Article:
The living room fills with the tiny click-clicks of a keyboard. I haven't bothered to put my ear buds in or even glance at the lovely stack of books on the coffee table that have tried to tempt me with their gleaming, paperback covers. Vanilla Turkish Taffy twists like a sticky ribbon in my fingers as I fiddle with it and squint at the text on my laptop screen.
It's not right.
If my sentences could dance, they'd jerk and jive like someone threw ice down their backs. "Too awkward," I mumble. I separate paragraphs and stare each sentence down. I make a list on my miniature legal pad of what, exactly, I'm trying to accomplish by writing this letter. There's an art to letter-writing, I think. And I'm not sure I've mastered it.
I won't compare letters to telephone calls or even emails. I won't pretend that I, like many people in Jane Austen's time, can read or even write a criss-cross letter. But there's something about composing a letter that will never change: the privacy of it. And nothing says "microcosm" than opening up a page full of handwriting. But here's a confession. I haven't handwritten a letter in a long time. I actually tried to do it recently, but my handwriting isn't that great and, well, I write a lot. I'm one of those rambling writers. I feel like I have too much to say, and I get excited, and, being a writer, I feel that if I have just one more paragraph, I can make you feel as if you were right there with me. Or that's what I'd like to do one day.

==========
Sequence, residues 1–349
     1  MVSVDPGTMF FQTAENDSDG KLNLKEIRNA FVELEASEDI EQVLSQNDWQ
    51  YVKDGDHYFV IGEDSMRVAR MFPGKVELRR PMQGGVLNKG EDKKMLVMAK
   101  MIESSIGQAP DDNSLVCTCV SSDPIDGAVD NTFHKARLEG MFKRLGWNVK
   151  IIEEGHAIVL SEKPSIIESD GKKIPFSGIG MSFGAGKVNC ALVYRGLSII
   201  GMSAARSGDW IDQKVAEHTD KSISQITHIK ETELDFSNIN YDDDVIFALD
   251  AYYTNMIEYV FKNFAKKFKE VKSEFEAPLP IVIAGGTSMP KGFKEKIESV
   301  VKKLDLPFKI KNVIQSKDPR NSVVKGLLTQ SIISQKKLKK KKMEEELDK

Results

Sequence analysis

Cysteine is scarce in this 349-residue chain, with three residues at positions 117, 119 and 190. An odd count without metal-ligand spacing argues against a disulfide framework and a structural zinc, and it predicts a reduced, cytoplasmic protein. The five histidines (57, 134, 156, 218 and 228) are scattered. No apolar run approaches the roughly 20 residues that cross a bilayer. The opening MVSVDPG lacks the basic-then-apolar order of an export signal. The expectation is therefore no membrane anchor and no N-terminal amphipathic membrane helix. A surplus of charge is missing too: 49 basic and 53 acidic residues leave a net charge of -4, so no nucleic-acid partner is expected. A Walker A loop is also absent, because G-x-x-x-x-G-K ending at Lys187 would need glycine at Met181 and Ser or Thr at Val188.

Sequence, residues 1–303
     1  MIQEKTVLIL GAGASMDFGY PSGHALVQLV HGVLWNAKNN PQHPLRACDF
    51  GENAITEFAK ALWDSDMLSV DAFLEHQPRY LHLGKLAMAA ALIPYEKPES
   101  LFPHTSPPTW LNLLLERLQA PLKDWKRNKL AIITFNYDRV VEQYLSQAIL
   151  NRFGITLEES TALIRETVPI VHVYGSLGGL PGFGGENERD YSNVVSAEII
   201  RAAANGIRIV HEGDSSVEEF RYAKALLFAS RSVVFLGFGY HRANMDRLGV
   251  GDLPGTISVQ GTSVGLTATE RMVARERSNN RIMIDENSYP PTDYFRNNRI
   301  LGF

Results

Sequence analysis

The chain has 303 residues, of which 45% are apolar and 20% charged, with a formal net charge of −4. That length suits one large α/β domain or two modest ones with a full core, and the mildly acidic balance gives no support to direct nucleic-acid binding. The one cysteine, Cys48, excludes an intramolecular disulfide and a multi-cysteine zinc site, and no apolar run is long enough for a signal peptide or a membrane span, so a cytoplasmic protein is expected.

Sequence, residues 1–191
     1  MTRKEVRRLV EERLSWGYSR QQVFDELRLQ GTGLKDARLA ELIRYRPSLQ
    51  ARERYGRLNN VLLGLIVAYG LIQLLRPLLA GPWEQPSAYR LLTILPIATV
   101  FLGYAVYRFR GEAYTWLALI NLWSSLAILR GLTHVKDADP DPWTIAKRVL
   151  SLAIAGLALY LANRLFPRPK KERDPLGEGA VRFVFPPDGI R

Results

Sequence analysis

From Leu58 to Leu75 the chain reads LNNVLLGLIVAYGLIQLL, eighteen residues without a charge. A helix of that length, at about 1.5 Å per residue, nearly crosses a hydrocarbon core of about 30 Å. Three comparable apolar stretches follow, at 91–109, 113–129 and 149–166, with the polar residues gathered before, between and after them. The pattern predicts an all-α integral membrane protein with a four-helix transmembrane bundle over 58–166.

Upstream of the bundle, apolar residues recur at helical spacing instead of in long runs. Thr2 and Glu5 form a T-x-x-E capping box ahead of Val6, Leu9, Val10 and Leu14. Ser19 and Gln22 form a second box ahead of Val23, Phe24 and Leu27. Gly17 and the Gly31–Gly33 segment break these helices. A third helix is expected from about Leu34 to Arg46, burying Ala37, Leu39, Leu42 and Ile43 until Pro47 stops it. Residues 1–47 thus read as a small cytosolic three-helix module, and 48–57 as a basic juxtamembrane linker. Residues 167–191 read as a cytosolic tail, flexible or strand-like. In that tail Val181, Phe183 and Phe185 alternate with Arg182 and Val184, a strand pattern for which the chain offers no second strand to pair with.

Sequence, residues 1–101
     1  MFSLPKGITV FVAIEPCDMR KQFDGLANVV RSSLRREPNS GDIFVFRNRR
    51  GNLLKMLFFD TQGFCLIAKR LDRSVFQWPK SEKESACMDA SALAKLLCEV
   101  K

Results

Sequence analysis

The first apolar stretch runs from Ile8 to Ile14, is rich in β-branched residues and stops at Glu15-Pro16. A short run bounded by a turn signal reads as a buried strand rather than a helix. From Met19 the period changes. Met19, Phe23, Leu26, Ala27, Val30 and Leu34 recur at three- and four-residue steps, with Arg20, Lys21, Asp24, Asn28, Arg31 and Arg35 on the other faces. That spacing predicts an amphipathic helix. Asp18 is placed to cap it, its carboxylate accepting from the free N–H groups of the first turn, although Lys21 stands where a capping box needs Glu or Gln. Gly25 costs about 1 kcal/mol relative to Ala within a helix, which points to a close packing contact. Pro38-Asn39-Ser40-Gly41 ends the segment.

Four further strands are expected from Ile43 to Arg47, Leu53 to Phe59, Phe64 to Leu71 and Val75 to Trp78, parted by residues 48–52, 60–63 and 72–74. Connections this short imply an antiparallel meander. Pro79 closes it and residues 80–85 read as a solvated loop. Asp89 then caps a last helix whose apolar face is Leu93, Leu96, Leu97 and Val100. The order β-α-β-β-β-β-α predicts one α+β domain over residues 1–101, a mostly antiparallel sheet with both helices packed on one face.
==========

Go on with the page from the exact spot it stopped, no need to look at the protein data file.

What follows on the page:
I have made this letter longer than usual, only because I have not had the time to make it shorter - Blaise Pascal
So if you receive a letter from me that's only a page long, you'll know I've labored over it, haha. Whether I'm handwriting a letter or typing it, I often feel like the air around me disappears. I try to imagine the person I'm writing to. Would my words make her smile? Can that joke sound funny without a "just kidding" directly after? Will he understand what I'm saying when I try to relate?
This is why people are paid to write greeting cards, right? When I browse the card aisles, I can't help but admire even the cheesiest of lines. The point comes across. The message is clear. This is why people will buy expensive cards with golden, swirly words and only sign their names on the inside.
No matter how much trouble a letter can be, it's one of the best feelings in the world to send it on its way. I feel warm and happy, knowing that my letter is changing hands, hitching rides in people's pockets, flying overhead, or sailing across the sea. And very soon, the seal will be broken and the letter unfolded. There's magic in that.
Photo from We Heart It